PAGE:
Cyber criminals are currently offering private information on around 500 million LinkedIn accounts for sale in a hacker forum. But it is still unclear where the data came from.
After hackers leaked over 533 million Facebook user data over the Easter weekend, it is now the turn of the next social network.
In a darknet forum, cybercriminals are currently offering the user data of around 500 million LinkedIn accounts for sale. This would mean that around two thirds of the almost 740 million LinkedIn users would be affected.
In order to convince potential fences of the data set, the data traders have already leaked information on two million LinkedIn accounts. For a small fee, potential buyers could convince themselves of their authenticity.
Source of the hacked LinkedIn accounts still unclear
The data set leaked so far includes names, email addresses, phone numbers and career information. It is currently unclear how many data traders have acquired the full data set after viewing the sample.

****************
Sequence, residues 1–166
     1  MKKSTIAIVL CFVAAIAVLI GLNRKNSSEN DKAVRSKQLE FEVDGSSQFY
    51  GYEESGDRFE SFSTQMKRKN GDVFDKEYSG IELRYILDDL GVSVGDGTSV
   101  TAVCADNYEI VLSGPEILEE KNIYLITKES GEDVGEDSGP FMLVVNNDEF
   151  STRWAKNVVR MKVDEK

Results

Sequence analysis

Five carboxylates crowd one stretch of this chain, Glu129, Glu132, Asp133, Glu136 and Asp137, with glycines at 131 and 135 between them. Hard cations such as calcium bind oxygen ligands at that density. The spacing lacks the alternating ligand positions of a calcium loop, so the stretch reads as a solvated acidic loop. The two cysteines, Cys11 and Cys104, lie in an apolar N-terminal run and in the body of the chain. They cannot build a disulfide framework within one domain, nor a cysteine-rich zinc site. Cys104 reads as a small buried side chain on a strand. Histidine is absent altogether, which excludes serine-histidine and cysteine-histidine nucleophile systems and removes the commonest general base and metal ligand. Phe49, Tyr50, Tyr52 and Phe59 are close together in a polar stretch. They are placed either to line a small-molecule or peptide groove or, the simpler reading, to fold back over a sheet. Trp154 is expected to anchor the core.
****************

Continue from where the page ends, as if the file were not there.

However, IT security experts assume that quite a few fences have struck. According to some reports, the providers offered the data for a relatively low four-digit amount in US dollars.
It is also currently unclear how the criminals were able to obtain the data set. According to a company spokesperson, LinkedIn is investigating the incident. However, there is no doubt that private information from LinkedIn accounts was leaked. At the moment, however, the record is no longer available.
Check LinkedIn account and email account
For fraudsters, the leaked data is extremely lucrative. Email addresses and phone numbers can be misused for phishing attacks, for example.
With the help of decoy calls, text messages and dubious links, the fence-sitters aim to capture further data such as account numbers and passwords or lure victims directly into a cost trap.
Since the latest Facebook leak, for example, numerous SMS messages have been circulating about alleged parcel deliveries. Those affected should therefore exercise caution. Because these are probably scammers.
Anyone who wants to find out whether their LinkedIn account is affected can do so via the web application Have i Been Pwned.
If the worst comes to the worst, security experts recommend checking and changing both LinkedIn and e-mail account passwords. LinkedIn users should also activate two-factor authentication.